Dr. Gita Lisker, a pulmonary disease doctor at Northwell Health who runs a post-COVID-19 program for those with lung issues, said testing for some common long COVID symptoms like fatigue “almost always comes out normal.” That and other issues, including the complexity of long COVID cases, mean some doctors don’t want to treat long COVID patients, she said.

Kristine Anthony, 48, of Selden, has seen many specialists since she first got sick in December 2020. She lost her child-support enforcement job after she was out sick on medical leave for more than a year.

“I’ve been working since I was 14,” she said. “It’s an emotional struggle to not be working. It’s been an identity crisis.”

Anthony said she has reactive airway disease that makes it difficult for her to breathe, along with functional neurological disorder that can cause her to sometimes lose her ability to walk or speak.

“COVID is taking away a lot of dignity,” she said. “I’m very young and sometimes I feel like an old lady.”

An August Kaiser Family Foundation analysis of several surveys and studies found that adults with long COVID who had worked before their infection were 3½ times more likely than all adults pre-COVID to be out of work and nearly 50% more likely to be working reduced hours.

A January Brookings Institution analysis concluded that long COVID may account for up to 15% of unfilled jobs nationwide and could be contributing to the labor shortage.

Jeremy Schneider, 51, of Baldwin, has been working full time as chief technology officer for a Manhattan nonprofit, despite fatigue, brain fog, asthmatic reactions, tremors and sleeping problems.

He only goes to the office once a week — most employees go a minimum of three — but his employer has been asking him to go in twice. The last time he tried that, in the spring, his symptoms worsened.

At home, he said, he is more productive and can focus more.

'I let my brain have some moments of not doing anything or not doing anything serious.'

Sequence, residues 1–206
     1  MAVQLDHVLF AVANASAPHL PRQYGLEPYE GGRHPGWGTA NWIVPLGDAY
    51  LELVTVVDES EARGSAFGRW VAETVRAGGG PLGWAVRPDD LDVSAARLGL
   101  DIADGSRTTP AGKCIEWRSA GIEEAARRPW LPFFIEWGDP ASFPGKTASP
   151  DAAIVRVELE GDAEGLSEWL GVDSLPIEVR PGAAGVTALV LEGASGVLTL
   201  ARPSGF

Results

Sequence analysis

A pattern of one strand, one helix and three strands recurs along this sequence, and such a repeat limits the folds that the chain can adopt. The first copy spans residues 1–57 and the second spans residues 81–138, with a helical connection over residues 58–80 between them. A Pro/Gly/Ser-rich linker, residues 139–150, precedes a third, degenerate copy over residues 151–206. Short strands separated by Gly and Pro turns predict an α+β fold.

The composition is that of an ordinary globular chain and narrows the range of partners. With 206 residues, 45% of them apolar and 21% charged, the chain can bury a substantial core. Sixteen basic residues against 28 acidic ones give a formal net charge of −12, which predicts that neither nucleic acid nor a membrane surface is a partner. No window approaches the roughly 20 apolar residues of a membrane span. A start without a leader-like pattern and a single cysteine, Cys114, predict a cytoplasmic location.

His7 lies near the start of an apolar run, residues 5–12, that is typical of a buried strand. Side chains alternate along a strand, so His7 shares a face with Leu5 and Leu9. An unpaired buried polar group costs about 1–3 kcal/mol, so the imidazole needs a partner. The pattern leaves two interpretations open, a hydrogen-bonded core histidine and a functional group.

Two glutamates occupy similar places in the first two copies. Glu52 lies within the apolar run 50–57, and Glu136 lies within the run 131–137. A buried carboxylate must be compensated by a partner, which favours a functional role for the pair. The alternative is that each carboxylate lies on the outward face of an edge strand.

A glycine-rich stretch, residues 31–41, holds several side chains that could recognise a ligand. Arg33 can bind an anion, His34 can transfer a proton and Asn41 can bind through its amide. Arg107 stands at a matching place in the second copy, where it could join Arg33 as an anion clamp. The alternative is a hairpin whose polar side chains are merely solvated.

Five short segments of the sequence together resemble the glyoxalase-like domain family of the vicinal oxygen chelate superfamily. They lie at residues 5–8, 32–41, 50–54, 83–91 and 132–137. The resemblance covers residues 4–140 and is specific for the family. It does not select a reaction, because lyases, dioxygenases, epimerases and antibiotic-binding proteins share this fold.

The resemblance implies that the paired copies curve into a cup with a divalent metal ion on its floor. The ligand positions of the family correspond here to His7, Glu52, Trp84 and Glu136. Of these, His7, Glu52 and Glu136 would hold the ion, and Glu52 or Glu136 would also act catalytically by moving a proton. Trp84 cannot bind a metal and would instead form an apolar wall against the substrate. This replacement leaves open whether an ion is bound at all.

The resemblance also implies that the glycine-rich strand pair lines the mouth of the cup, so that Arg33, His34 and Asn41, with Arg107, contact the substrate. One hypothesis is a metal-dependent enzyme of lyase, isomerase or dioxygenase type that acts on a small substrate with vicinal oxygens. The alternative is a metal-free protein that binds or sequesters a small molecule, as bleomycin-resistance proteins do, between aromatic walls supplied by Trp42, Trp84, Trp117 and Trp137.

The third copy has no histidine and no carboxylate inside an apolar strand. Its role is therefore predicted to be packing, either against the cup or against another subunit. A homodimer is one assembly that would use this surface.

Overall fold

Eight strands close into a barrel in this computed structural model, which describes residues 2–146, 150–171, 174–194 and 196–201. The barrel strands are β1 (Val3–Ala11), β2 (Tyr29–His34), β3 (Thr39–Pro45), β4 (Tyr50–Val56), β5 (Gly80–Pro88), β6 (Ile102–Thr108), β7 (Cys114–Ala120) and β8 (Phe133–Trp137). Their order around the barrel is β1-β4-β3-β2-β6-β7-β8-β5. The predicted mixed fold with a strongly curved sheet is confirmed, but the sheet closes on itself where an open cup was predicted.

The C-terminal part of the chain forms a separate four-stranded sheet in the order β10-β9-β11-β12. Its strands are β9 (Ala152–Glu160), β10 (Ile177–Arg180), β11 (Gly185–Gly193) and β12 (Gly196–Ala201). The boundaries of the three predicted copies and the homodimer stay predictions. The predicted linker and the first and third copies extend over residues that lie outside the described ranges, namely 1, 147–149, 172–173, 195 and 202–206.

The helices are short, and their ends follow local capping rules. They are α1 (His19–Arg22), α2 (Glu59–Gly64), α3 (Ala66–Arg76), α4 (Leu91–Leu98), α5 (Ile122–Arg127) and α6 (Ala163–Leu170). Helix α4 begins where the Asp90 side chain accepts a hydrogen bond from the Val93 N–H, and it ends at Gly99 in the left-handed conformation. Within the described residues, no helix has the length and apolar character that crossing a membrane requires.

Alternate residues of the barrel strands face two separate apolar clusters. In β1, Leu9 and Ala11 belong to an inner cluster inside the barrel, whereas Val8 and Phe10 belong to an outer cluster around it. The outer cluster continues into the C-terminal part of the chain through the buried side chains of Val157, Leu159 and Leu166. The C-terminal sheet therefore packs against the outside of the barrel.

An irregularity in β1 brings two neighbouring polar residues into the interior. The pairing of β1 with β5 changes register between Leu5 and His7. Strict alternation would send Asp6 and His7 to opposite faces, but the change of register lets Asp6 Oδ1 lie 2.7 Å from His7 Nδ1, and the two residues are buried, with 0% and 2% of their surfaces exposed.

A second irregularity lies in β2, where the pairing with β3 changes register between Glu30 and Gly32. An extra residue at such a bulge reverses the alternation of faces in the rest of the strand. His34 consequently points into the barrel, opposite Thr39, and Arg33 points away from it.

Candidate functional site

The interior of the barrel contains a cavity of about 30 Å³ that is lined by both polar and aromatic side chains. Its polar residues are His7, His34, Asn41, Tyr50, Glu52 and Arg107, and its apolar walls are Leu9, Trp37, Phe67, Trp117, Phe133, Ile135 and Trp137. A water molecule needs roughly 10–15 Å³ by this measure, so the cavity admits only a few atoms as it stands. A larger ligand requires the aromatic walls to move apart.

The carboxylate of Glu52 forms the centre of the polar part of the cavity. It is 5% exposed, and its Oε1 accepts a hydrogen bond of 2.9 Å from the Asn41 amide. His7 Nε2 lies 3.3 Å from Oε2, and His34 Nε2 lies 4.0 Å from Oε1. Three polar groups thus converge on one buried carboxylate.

-Jeremy Schneider, of Baldwin

Credit: Newsday/Alejandra Villa Loarca

“I let my brain have some moments of not doing anything or not doing anything serious,” he said. “I find that helps me to focus and do my work.” He works later hours to make up for the breaks, he said.

Raffloer has post-COVID-19 pulmonary fibrosis. Her breathing has improved, but she said the scarring in her lungs means she’ll never be able to breathe normally and will always need supplemental oxygen.

She has resigned herself to never returning to her job as a senior account manager for a health care company, because she couldn’t handle the long hours, high stress and regular travel.

Despite the debilitating breathing issues and other problems, including constant muscle and joint pain, Raffloer said that “every day I’m grateful” — because she’s alive.

“My daughter started kindergarten,” she said. “That was something I wasn’t sure I’d ever see. My son is talking and he’s going to turn 3 in December. I wasn’t sure I was going to see that. ... The material stuff, we’ll figure it out. That stuff isn’t trivial because you have to survive. But compared to dying and my kids not having a mom or my husband not having a wife or my mom not having a daughter, all that is really secondary.”

Correction: Dr. Gita Lisker's first name was spelled incorrectly in an earlier version of this story.